I am going to go out on a limb here, so brace yourselves. Security services will be the key area for solution providers to add value and help their customers run more efficiently in 2006. There, I said it. What a shocker.
On the surface, it may seem that I am stating the obvious. Au contraire, mon frere. I am not simply talking about installing anti-spyware or anti-spam or protecting a network’s perimeter with up-to-date firewalls. Heck, I can recommend my 19-year-old nephew to do that.
Where VARs need to migrate their security business to in the coming year is in unified or comprehensive threat management services. Hackers, spammers and identity theft rings are growing in their sophistication and scope, setting the stage for 2006 to be wrought with new challenges for organizations looking to protect their data, IT systems and even top executives.
Plus, businesses are continuously challenged by modern-day security challenges, including risk from internal users and stricter regulations. This past year we witnessed the Sober and Bagle worms wreak havoc on corporations.
The bad news is that hackers are still more sophisticated than the technology developed to try and stop them, and to date they have been able to stay one step ahead. In fact, during the next 12 months alone we could see organizations facing as many as 23,000 security threats, according to one recent security threat management report. But this is also an enormous opportunity for the channel.
Organizations need a complete IT security approach. During a recent eSeminar I moderated on the subject I polled the audience, and while 75 percent agreed they need a multifaceted IT security strategy that includes anticipatory protection and protection from Internet threats while always satisfying all compliance requirements and not hindering access to necessary information, not all of the companies on the line had such a plan in place.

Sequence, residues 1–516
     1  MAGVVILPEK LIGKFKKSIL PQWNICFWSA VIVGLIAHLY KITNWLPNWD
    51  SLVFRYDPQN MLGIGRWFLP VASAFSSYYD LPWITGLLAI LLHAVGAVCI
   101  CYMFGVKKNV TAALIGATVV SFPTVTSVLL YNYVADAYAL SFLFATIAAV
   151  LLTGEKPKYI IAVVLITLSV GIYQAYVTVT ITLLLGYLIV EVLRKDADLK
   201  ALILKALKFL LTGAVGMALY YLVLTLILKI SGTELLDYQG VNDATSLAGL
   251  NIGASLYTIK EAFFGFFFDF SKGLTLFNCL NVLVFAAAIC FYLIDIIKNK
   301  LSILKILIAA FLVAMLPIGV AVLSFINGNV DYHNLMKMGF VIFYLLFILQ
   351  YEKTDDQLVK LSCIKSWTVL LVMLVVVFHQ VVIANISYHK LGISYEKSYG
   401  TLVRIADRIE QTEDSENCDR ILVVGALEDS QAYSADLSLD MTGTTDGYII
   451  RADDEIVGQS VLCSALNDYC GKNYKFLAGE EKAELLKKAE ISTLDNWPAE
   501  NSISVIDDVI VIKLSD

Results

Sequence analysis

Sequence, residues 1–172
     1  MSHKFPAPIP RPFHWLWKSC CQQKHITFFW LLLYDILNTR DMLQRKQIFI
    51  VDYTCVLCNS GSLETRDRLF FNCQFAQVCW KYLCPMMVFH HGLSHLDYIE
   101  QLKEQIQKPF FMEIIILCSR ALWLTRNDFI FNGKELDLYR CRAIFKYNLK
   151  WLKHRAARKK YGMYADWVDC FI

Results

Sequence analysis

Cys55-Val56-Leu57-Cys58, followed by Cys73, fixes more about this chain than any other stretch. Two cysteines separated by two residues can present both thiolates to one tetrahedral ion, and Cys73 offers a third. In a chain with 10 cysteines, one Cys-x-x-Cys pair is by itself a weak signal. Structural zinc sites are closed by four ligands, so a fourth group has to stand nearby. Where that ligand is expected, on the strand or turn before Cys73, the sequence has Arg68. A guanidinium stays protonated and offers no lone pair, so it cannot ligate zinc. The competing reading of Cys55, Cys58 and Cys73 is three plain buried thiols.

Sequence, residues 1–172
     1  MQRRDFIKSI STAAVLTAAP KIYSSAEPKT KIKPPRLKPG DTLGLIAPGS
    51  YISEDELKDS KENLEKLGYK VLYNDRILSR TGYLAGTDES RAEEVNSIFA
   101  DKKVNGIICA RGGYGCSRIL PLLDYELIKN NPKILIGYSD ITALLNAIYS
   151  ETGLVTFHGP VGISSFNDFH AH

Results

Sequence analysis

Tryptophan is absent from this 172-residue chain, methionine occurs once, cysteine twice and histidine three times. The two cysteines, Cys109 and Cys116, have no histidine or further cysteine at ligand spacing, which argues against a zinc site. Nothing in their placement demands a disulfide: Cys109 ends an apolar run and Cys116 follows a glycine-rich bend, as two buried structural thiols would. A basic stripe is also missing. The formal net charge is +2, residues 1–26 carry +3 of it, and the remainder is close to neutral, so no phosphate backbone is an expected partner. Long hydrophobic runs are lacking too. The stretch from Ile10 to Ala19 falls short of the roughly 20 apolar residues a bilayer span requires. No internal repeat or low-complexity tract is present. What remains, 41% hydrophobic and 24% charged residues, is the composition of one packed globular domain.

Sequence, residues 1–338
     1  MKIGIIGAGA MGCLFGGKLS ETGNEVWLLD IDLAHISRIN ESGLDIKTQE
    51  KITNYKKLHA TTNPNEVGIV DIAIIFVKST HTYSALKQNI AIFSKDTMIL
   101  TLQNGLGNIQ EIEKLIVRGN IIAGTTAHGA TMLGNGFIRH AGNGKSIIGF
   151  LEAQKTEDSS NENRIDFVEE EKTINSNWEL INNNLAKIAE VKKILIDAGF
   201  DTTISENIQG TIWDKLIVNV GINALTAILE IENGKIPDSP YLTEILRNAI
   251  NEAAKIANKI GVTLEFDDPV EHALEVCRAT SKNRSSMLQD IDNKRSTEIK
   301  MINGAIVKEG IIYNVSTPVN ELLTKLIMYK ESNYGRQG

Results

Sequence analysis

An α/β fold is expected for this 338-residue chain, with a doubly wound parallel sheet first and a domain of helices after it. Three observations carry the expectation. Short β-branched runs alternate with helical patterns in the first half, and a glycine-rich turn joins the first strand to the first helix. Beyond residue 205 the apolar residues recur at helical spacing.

And it doesn’t end there. In addition to having all aspects of data flow secure at all times, storage and availability are becoming huge components to IT security as well.
Two weeks ago I attended a luncheon event hosted by one of my closest channel sources. It was attended by some enterprise IT managers as well as midsize CIO types, and the message was the same for both of these kinds of organizations: Securing e-mail and safely storing all data are critical to any organization’s IT strategy, regardless of size. The factors driving this end of the business are serious and involve corporate compliance, government regulation and legal proceedings. Not doing so can open a company up to legal liability and cost millions of dollars.
VARs will play a crucial role in the coming year in bringing together data availability and storage solutions into a company’s overall IT security strategy.
While there are many developing areas for solution providers to add their service expertise, from CRM to data management to application development and integration, threat management presents the most pressing need for IT departments and therefore opens up the biggest opportunities going forward.
You may have thought 2005 was bad as it relates to the amount and severity of viruses and worms that brought down Web sites and corporate networks and put data at risk, but experts are already predicting that 2006 will be worse, if you can believe it. When there is an IT need, VARs need to fill it. Here is one big one, and it is getting bigger every day.
Elliot Markowitz is Editor-at-Large of the Channel Insider. He is also Editorial Director of Ziff Davis eSeminars. He can be reached at [email protected].